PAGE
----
Headwaters of the Arctic Red River Phase III: Heritage and Cultural Assessment

Kristi Benson (NWT Archaeologist’s Permit 2007-006)

With support from the Social Sciences and Humanities Research Council of the Government of Canada’s Northern Development Fund, the Gwich’in Renewable Resource Board, and the Historic Places Initiative of the Government of the Northwest Territories, the Gwich’in Social & Cultural Institute conducted a traditional ecological knowledge and initial archaeological survey project about and within the headwaters of the Arctic Red River. The interviews and survey were the third phase of the study, which has also included an extensive literature review (Phase I) and traditional knowledge and use interviews (Phase II). Archaeological survey was based on information provided by interviewees (previously conducted interviews as well as interviews conducted with Tsiigehtchic residents for this project), hunting guides, and other sources including archaeological site data from nearby areas and historic documents.

An archaeological assessment was conducted in the headwaters region from August 18th to August 28th, 2008. Field crew stayed at the Arctic Red River Outfitters base camp at the mouth of the Arctic Red River, and conducted walking survey of various locations identified by Elders or through archaeological potential assessment. Remote locations away from the base camp were accessed using SuperCub aircraft. An overflight of the study area was conducted in a Cessna 206. Crew consisted of GSCI contractor Kristi Benson, University of Calgary archaeologist Dr. Brian Kooyman, and archaeological assistant/guide Sonny Blake, of Tsiigehtchic. Shovel tests were excavated where appropriate, although survey focussed on reconnaissance‐level objectives. Numerous axe‐cut stump sites were located during survey as well as one possible hearth feature which is being radio‐carbon dated. One axe‐cut stump, which grew two new leaders subsequent to the original harvest, was sampled for examination by a dendrochronologist. The project focussed on assessing the potential of the area for further heritage work.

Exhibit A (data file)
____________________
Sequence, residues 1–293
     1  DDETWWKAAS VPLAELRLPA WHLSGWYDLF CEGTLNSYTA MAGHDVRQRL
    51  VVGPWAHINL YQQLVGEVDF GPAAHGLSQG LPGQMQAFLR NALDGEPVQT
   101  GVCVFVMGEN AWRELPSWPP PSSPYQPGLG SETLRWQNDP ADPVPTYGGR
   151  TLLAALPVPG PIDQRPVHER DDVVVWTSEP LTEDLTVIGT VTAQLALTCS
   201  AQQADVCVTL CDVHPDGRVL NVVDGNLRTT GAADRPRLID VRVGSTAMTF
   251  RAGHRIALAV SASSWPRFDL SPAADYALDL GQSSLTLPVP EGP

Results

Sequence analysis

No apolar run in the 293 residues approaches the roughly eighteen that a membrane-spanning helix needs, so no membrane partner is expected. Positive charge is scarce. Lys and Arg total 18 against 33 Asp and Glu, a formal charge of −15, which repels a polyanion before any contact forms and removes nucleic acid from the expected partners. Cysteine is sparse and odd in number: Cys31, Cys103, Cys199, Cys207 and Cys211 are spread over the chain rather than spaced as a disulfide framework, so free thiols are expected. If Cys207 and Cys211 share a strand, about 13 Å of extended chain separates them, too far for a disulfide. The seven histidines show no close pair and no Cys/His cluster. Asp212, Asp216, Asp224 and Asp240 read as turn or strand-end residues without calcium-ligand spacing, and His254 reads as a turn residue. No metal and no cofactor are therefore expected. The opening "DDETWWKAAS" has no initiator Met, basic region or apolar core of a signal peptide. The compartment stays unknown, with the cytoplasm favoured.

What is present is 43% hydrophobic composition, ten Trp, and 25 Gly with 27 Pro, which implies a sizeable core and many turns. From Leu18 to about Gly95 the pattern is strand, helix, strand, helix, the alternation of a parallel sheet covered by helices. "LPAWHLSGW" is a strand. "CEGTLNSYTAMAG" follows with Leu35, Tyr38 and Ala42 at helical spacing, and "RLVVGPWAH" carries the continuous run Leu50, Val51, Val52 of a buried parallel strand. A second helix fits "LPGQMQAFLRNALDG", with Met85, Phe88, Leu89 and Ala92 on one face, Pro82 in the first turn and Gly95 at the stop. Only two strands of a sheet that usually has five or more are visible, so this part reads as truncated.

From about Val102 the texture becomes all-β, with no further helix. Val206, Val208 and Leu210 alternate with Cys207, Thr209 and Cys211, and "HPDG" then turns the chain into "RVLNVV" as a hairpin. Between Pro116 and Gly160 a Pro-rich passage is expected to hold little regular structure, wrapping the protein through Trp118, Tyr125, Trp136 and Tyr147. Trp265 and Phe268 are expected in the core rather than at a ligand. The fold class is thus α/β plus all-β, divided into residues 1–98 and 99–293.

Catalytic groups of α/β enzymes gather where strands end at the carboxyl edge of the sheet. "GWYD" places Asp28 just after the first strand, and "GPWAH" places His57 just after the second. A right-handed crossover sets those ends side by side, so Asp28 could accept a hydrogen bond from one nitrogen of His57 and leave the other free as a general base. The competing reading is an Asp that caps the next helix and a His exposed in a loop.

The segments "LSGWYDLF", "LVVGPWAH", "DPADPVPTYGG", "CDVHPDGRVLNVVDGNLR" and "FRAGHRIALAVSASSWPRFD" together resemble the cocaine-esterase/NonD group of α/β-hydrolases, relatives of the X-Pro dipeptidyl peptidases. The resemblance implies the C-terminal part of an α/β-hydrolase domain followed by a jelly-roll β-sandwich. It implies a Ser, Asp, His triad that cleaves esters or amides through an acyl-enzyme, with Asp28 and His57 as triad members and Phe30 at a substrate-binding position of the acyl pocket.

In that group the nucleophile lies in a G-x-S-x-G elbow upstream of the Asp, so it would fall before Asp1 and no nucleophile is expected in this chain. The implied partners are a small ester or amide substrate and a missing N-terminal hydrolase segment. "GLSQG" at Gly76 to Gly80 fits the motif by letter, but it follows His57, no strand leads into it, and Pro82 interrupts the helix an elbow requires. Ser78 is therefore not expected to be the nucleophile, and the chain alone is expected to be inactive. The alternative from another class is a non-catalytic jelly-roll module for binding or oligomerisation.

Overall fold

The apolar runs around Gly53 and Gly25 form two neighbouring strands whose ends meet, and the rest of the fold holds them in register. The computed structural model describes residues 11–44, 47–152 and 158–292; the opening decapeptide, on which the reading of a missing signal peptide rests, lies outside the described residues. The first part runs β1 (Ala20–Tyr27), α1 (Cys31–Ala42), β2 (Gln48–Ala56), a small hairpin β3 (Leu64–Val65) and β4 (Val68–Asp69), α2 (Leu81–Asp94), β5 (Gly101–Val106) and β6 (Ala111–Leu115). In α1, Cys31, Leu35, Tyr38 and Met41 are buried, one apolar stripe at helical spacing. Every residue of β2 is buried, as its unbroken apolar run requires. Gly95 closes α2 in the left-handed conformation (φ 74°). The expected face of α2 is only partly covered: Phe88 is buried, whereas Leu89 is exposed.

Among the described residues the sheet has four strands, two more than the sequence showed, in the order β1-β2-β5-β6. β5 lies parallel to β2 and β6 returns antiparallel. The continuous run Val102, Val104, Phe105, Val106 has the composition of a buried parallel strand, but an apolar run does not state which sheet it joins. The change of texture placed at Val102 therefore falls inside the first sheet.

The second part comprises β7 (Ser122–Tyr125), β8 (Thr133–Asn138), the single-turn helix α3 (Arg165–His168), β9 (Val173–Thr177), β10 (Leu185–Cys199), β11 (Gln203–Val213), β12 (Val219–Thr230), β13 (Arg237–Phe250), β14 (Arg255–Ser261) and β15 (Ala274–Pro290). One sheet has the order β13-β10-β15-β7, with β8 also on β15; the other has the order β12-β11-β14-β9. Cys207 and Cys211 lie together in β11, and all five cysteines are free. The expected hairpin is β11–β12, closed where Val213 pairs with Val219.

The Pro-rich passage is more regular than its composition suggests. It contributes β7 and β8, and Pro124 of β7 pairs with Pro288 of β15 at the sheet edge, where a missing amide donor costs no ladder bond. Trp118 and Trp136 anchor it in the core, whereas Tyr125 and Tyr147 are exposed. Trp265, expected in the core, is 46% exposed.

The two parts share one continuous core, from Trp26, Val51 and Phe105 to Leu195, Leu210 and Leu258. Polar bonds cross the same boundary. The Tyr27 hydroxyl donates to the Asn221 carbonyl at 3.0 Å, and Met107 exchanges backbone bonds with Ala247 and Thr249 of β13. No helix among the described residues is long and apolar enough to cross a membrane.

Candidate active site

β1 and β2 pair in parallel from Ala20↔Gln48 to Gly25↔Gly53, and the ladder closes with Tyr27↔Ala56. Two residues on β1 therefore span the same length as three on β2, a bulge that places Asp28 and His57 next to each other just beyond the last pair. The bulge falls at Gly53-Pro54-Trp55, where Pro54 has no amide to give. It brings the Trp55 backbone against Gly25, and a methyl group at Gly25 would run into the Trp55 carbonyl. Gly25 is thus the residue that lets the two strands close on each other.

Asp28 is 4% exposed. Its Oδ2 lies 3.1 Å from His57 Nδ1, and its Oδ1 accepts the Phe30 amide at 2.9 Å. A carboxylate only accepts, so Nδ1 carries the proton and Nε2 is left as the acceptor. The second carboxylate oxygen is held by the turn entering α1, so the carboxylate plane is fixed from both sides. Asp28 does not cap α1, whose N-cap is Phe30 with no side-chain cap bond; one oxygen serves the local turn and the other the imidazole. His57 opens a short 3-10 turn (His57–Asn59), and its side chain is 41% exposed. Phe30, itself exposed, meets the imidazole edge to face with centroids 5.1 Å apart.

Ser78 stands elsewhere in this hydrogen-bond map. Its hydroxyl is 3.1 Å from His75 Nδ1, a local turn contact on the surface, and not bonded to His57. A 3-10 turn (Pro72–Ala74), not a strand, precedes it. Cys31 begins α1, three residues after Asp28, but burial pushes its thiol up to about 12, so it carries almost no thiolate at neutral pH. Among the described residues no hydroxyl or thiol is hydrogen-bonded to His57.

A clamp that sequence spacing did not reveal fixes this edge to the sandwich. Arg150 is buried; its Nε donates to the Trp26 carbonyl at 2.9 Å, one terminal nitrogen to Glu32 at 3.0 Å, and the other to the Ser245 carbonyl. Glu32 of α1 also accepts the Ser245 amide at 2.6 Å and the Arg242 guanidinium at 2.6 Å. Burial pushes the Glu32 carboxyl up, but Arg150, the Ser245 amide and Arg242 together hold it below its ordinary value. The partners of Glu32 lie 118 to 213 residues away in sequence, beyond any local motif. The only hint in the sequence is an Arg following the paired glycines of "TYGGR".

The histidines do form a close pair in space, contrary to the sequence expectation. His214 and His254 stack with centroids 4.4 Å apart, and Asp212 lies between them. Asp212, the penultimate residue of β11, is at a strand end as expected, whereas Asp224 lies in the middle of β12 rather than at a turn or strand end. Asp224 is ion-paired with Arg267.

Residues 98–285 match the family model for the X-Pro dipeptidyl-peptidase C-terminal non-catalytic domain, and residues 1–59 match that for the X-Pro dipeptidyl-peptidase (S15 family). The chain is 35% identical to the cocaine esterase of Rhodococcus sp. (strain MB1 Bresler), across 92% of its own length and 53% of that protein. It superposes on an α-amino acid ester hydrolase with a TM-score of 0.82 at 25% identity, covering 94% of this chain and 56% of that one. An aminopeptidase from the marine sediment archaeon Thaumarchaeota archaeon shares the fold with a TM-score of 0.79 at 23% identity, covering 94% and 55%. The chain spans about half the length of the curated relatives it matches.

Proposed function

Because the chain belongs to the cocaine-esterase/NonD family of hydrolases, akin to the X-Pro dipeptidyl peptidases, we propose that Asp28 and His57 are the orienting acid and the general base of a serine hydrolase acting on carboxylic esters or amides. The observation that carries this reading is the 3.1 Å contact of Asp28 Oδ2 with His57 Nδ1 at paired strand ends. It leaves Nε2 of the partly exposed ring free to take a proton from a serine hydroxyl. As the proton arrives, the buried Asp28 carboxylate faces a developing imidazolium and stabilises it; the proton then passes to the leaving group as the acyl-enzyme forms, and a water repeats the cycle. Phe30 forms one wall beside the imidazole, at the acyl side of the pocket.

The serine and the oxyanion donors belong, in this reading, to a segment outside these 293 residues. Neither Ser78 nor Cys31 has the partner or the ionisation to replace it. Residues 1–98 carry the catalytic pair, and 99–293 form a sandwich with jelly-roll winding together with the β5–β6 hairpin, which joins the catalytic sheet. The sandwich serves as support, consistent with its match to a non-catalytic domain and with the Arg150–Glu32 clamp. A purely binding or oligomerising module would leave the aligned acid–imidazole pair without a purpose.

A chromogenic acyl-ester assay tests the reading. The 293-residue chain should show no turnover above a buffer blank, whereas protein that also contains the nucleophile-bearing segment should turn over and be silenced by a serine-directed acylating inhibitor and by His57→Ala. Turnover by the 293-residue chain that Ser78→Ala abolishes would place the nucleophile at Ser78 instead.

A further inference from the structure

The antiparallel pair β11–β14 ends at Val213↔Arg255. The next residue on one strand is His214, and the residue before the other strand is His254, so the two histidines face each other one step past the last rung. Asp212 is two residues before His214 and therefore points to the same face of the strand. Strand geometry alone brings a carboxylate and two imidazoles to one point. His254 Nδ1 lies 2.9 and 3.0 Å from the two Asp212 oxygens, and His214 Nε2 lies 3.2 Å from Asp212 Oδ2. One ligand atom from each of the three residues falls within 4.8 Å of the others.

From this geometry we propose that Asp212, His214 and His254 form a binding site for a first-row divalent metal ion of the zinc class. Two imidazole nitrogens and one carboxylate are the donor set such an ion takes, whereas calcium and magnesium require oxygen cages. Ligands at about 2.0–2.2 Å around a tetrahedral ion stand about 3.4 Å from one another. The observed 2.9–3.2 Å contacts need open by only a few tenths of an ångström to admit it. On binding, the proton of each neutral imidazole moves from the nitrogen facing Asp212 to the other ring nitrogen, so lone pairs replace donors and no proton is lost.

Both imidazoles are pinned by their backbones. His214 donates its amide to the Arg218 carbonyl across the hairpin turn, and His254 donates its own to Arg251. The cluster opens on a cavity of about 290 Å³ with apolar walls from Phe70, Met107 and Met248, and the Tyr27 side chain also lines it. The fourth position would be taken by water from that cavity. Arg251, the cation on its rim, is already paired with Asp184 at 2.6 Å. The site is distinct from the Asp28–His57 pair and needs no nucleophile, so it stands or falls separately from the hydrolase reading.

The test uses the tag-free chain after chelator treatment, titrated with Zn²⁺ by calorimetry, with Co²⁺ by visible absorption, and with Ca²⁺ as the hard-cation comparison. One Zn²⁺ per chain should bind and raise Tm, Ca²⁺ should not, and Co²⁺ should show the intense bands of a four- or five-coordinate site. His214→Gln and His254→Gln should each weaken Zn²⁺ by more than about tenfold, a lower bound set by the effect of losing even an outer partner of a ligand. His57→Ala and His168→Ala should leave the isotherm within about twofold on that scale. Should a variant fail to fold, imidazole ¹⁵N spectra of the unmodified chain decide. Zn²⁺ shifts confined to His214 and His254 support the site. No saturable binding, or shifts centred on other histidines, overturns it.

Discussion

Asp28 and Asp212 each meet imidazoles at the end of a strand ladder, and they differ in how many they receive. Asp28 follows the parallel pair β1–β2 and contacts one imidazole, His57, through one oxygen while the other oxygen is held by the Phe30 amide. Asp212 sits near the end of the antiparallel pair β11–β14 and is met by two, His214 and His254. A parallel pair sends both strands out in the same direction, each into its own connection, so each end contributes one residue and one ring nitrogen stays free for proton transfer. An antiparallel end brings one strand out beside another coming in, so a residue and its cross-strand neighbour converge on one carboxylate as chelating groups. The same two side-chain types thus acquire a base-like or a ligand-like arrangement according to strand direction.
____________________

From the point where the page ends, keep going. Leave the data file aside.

(Edited by Shelley Crouch, Prince of Wales Northern Heritage Centre)